I'd say you'd get 1600 variables, maybe a bit more. It's not super, but it should be enough for a lot of things - especially as Espruino has started using them much more efficiently recently.
1600 is a bit tight. I'd be whining, but theyre going to be cheap, and there's the Espruino WiFi for those who need more RAM (128k you said? So that means like 7000-ish JSVars?)
I like the idea of running an Espruino on ESP8266 dedicated to the webserving, and just communicating over serial to a cheap-Espruino. In that way, you push all the web-heavy stuff out to the ESP, all the page serving and all that crap, and it would just talk to the Espruino itself when something that demanded interaction with the hardware occurred, so the cheap-Espruino was dedicated entirely to the hardware it's gotta interact with.
For the Espruino WiFi, of course, I'd want to leave it with the AT firmware.
@Gordon any chance of having 2 uarts surfaced on pins? also am I right the stm32f091cc has a DAC unlike the pico?
On the STM32f091CC, @gordon had goddamned well better break out more than two UARTs, the chip has six of them! It would require concerted effort to lose that many UARTs.
Yes, it'd have more UARTs - and there is a DAC too.
Just a quick update on the cheap board. What's below is 1.7" x 0.75" - every pin is brought out basically in the order they are on the chip, except for the JTAG pins which are on a TC2030 tag-connect on-board header. There'll be (unpopulated) pads for 8Mhz and 32kHz oscillators, and it looks like there's also space to stick pads for a voltage regulator on too.
Part of me thinks that tag-connect could be really nice. Not only can it do SWD/JTAG in a totally standard way (so you can do proper C development if you want to), but this chip has a UART on there too, so you could get access to the console over it using an FTDI dongle if you wanted a simple plug + go option.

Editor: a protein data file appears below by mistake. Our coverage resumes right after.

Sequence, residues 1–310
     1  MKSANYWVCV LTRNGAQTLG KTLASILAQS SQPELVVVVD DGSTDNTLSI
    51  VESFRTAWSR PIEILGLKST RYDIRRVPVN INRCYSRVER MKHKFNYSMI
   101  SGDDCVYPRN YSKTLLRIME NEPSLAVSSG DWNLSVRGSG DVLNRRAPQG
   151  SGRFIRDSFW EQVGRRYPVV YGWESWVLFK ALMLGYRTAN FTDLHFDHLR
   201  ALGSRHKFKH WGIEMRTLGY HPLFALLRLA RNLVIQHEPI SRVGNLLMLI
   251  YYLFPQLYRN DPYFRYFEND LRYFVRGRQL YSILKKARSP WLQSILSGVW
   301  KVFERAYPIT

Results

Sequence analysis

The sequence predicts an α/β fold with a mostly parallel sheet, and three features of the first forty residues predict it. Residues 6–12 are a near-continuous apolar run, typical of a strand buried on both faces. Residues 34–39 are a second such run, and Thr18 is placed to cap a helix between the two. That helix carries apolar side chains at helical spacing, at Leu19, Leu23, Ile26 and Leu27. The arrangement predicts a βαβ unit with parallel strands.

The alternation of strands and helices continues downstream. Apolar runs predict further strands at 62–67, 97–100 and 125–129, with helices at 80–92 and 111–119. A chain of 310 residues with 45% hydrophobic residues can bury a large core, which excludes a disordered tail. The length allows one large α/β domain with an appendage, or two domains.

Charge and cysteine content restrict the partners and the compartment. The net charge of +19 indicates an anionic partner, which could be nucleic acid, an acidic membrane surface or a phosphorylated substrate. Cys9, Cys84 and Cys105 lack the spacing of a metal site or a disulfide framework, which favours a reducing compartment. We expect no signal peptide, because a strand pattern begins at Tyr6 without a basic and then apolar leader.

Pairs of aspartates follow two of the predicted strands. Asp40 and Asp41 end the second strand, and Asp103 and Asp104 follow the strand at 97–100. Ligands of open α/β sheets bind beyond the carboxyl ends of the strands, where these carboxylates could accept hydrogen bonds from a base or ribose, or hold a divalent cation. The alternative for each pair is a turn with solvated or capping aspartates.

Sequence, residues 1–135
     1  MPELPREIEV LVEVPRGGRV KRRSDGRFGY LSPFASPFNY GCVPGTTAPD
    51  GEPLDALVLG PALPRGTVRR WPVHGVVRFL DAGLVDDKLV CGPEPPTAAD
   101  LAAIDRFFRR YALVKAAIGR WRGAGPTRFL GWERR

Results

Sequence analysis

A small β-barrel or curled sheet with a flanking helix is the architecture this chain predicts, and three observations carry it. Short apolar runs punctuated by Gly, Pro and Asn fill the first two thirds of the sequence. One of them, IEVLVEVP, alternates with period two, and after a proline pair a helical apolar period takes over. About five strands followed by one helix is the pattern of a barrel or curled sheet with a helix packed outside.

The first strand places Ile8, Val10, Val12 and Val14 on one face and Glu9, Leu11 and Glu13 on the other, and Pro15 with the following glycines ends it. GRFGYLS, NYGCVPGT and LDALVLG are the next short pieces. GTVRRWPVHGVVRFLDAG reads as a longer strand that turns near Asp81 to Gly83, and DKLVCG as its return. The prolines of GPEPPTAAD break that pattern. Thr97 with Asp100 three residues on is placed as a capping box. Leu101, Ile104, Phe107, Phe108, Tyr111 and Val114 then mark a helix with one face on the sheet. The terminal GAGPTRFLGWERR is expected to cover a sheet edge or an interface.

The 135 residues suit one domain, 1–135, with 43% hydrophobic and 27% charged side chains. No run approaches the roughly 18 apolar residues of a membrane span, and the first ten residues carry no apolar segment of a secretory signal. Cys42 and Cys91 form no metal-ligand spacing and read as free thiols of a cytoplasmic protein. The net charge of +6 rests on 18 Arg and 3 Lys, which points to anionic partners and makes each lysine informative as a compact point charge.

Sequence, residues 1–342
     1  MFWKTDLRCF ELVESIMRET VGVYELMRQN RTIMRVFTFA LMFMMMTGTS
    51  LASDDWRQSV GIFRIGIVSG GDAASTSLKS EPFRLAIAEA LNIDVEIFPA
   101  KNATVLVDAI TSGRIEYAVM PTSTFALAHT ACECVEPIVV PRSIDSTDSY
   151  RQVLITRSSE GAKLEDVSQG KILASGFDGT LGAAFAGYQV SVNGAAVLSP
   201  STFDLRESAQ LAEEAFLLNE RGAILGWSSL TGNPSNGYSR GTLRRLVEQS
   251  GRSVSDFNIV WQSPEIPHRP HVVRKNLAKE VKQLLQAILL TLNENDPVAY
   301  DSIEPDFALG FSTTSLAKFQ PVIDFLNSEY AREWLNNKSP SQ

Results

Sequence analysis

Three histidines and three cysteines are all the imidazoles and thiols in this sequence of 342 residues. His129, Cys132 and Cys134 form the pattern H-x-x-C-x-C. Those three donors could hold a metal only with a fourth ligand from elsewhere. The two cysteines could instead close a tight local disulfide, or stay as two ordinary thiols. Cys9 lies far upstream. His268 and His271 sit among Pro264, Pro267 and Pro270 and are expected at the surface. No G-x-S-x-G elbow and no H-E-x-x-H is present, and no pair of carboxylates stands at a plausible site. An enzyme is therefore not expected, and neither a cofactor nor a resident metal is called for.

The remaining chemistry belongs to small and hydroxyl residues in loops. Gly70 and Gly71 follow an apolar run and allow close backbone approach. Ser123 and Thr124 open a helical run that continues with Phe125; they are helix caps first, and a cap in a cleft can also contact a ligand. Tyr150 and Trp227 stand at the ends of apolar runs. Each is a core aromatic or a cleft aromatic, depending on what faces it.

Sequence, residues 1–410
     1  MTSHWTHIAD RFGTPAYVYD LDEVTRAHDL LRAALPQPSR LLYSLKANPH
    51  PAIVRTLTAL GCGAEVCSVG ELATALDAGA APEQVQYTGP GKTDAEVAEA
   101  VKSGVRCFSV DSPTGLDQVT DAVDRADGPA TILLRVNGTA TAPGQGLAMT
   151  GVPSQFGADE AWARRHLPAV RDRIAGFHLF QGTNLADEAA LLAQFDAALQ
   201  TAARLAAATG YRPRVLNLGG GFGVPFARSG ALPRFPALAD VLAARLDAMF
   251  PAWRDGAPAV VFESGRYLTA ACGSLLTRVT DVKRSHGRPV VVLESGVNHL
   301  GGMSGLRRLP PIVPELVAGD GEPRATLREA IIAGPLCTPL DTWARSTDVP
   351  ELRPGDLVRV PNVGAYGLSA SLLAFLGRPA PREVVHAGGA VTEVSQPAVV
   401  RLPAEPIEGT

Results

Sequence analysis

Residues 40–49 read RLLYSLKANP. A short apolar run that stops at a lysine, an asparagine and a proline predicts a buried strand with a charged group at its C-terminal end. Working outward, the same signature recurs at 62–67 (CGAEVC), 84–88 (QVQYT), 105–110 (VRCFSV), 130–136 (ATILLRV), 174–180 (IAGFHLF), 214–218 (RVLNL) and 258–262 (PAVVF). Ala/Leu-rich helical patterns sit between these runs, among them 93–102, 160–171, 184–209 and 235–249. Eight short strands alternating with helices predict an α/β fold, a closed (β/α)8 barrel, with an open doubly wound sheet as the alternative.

Cables are $35 from their site - it's not cheap, but I don't know of anything else that could be used.
So other improvements:
That looks nice, it's like a pro mini in size....
Thanks! Just ordered some prototypes so we'll see if they actually work. The second revision of the WiFi board, and the low priced one.
... I'm not sure about castellations now though. It'd be nice, but I don't know if it'd be possible to do them all the way around the edge :(
Those look great! I look forward to their availability
I can see the rational for having pins 360 degrees... but for working on a breadboard, it creates the same issues as PICO has. I prefer the DIP pinning, like the espruino_wifi. As a compromise for 360 pinning: if the short side ones are for programming, connecting to USB/Serial, that may work.
Putting headers 'downwards' on long side and headers 'upwards' on short sides, breadboard use is still possible - or - headers on long sides and wires - 'flexible headers' - with tinned (pins at the) end on the short sides: see @Gordon's breadboard friendly version of PICO, w/ picture).
A) What is the rational to put A8, A10 not on the outer line of pins?
B) I wondered if there is space left for 'wiring' and pads for serial FLASH / EEPROM / RAM / FRAM / MRAM ... since available memory is always a challenge...